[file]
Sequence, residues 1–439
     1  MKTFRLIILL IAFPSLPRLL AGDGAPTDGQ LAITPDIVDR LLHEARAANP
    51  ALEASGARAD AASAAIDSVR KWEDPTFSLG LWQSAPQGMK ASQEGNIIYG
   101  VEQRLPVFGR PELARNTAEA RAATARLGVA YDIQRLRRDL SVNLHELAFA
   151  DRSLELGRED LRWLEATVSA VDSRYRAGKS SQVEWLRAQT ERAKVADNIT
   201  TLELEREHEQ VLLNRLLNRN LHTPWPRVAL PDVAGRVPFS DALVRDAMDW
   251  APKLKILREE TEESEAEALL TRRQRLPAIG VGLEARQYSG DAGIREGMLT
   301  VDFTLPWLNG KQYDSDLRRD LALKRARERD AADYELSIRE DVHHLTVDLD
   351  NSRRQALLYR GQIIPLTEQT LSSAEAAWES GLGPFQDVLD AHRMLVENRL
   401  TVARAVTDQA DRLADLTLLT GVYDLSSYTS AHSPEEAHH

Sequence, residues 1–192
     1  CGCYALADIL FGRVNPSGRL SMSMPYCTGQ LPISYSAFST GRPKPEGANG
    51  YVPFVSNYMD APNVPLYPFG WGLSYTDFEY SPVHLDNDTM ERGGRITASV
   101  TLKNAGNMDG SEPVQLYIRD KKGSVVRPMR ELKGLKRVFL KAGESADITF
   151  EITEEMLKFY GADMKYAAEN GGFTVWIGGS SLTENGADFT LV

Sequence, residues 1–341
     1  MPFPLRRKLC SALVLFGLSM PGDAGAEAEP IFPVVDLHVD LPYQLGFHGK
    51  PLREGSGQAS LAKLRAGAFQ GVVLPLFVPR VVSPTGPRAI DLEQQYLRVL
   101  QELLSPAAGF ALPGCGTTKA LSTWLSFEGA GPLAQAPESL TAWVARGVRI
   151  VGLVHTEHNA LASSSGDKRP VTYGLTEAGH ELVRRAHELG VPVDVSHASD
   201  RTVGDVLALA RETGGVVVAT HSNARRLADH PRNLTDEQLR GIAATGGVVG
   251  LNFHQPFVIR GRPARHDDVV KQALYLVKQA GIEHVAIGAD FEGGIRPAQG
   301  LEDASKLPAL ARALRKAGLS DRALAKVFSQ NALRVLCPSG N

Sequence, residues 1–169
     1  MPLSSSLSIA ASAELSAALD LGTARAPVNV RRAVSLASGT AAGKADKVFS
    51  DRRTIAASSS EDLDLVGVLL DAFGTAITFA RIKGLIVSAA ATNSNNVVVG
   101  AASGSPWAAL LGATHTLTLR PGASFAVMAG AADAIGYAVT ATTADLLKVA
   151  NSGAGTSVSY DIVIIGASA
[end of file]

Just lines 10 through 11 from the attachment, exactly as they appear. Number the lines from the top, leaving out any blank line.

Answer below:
   401  TVARAVTDQA DRLADLTLLT GVYDLSSYTS AHSPEEAHH

Sequence, residues 1–192